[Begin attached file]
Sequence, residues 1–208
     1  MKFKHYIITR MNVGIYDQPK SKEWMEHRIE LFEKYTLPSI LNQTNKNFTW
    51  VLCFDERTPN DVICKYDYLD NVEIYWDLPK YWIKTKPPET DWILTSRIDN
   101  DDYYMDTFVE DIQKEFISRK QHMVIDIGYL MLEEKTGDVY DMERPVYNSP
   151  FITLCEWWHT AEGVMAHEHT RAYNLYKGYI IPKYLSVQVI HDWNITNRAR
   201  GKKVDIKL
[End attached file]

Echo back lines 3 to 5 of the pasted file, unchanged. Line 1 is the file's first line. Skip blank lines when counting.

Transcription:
    51  VLCFDERTPN DVICKYDYLD NVEIYWDLPK YWIKTKPPET DWILTSRIDN
   101  DDYYMDTFVE DIQKEFISRK QHMVIDIGYL MLEEKTGDVY DMERPVYNSP
   151  FITLCEWWHT AEGVMAHEHT RAYNLYKGYI IPKYLSVQVI HDWNITNRAR